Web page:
Intel Sankara Leben vision loss artificial intelligence

The Intel-Powered Solution that Could Eventually Eliminate Diabetic Vision Loss

One of the big promises for the next generation of computing systems is medical solutions that can quickly and preemptively identify potential health problems to be corrected before permanent damage is done. Maladies like cancer and blindness often occur over long periods, and—as a result—they are tough to catch early enough to mitigate to assure a positive outcome.

Technology is being rapidly spun up to address this speed problem, and one of the more exciting efforts is based on Intel technology.

Intel, Sankara, Leben Solution

Intel is working with the Sankara Eye Foundation and Leben Care to deploy a comprehensive retinal risk assessment software-as-a-service (SaaS) solution that should identify retinal failure due to diabetes far earlier, providing a more assured method to preventing blindness.

This technology’s initial results have been impressive, with over three thousand patients scanned and 742 found to be at risk, allowing for early treatment. Early treatment should improve the odds that the problem doesn’t result in blindness.

The hardware is built around Intel’s Xeon platform with built-in Deep Learning Boost and Intel Advanced Vector Extension 512 acceleration. The solution provides access by the user to Intel-optimized images for TensorFlow, Apache MXNet, and PyTorch in addition to Intel’s performance libraries.

Looking at the bigger picture, one solution like this will certainly expand to other medical care areas. These broader solutions should enable more successful mitigation of future health problems but far lower-cost health services. This result is because patents can be moved into prevention programs which are generally far cheaper than the otherwise resulting cures and undoubtedly preferable to the more common catastrophic outcomes.

The Future of Specialist AI-Based Medical Solutions

Eventually, we may have general-purpose medical AIs (artificial intelligence) that can act like doctors. In the interim, we will get solutions like this specifically designed to identify and prescribe a treatment for targeted illnesses. Eventually, they should evolve to providing treatment as well. This outcome should be the way of things until around 2040 when we should see another significant change to a more comprehensive solution.

I expect this evolution will initially have a doctor determining what type of system you need to be scanned by based on your age, symptoms, family history, and medical history. But that should evolve to provide an AI that provides this guidance and then moves to a more integrated system that increases diagnosis and treatment breadth over time.

Given the cost of this solution, I also expect that the AI solutions will tend to be centralized with connected remotes that function as sensors for most patients who will never go to the centralized location for diagnosis. Eventually, in-home solutions can tie into medical 3D printers from medications, prosthetics, and other remedies that will fit the 3D technology at the time, but this too isn’t likely until around the mid-century mark. But solutions like this Intel-powered solution that is already mobile to deal with India’s distributed population will plow this field first.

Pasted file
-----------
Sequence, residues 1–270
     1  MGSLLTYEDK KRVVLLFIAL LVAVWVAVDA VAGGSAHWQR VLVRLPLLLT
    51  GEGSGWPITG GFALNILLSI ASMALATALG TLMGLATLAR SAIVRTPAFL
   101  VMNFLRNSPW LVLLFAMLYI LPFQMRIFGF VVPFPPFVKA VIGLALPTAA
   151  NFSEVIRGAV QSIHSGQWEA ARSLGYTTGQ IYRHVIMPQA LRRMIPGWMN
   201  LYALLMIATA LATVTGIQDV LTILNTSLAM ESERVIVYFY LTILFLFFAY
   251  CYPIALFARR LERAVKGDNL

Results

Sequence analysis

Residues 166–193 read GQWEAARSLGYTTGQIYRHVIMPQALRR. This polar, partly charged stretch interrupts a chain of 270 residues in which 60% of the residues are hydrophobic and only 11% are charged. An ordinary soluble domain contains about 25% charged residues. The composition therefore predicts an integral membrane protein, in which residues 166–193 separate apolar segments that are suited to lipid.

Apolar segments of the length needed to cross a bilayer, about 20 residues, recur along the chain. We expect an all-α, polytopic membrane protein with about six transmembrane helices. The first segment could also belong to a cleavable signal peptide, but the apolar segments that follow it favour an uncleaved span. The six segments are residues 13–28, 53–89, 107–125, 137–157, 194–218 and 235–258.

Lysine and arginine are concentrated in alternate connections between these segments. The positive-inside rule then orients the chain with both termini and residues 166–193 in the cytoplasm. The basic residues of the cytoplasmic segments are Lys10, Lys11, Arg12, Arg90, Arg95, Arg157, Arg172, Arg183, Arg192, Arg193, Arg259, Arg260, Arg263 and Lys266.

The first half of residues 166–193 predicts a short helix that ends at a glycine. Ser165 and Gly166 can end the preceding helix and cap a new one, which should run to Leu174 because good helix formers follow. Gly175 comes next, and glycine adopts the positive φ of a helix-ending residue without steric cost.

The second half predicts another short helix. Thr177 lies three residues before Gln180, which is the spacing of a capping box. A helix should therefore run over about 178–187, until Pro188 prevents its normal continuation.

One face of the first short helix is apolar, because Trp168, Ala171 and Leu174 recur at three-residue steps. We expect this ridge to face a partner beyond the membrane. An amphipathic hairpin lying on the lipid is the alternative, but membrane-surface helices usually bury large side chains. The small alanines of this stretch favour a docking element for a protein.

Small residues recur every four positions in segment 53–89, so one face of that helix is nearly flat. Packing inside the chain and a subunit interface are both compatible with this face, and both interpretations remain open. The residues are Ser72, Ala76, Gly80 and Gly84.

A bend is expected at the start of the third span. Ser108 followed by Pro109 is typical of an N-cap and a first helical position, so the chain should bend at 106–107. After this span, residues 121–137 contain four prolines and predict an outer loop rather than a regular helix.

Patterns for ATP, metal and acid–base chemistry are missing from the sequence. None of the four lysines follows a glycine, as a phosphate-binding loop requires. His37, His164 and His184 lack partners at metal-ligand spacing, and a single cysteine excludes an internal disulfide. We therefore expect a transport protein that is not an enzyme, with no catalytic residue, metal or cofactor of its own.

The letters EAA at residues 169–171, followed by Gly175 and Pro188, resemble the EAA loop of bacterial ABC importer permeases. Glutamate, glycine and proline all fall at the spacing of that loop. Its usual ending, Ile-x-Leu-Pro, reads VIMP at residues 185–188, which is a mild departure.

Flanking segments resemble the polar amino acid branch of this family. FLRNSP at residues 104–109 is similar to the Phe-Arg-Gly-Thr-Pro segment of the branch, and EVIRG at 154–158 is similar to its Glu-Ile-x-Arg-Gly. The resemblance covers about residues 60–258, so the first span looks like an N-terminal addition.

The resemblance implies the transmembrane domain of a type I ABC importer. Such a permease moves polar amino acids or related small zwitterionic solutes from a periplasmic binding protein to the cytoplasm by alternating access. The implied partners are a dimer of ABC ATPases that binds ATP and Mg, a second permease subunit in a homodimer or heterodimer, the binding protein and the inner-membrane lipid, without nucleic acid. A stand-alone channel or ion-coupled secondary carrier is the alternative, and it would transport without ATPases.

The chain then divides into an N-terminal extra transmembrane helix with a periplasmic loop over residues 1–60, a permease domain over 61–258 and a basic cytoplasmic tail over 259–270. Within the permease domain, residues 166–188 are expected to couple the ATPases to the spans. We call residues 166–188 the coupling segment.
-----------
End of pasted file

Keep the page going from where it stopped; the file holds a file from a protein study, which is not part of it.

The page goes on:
This evolution should, over time, reduce the need for doctors and reduce the need for in-depth medical training as the resulting knowledge will be contained in the AIs and not need to be retained by the medical staff.

The long-term result of these advanced AIs should be a significant reduction in medical expense, and a reduction in the time it takes to train doctors. These doctors will increasingly swap technical and operational skills for medical knowledge and provide more consistently favorable treatment results.

Wrapping Up

We are advancing rapidly with AI-based health diagnosis, which will eventually evolve into automated remedies over the next 30 or so years. Like this Intel-based solution, initial systems will be focused and, due to their expense, centralized. But they can be, as this system is, connected to mobile resources so that diagnosis and treatment can occur anyplace in the world.

The end goal will be comprehensive, relatively inexpensive scanning capability located in homes and tied to ever more powerful central medical AIs for comprehensive healthcare solutions that eventually will be highly automated. While this evolution is likely to take 30 or so years, initial benefits will be seen with tools like this Intel tool that will be moving into the mainstream in the first half of this decade.

Healthcare is about to become more accurate, more effective, and less expensive thanks to efforts like this.

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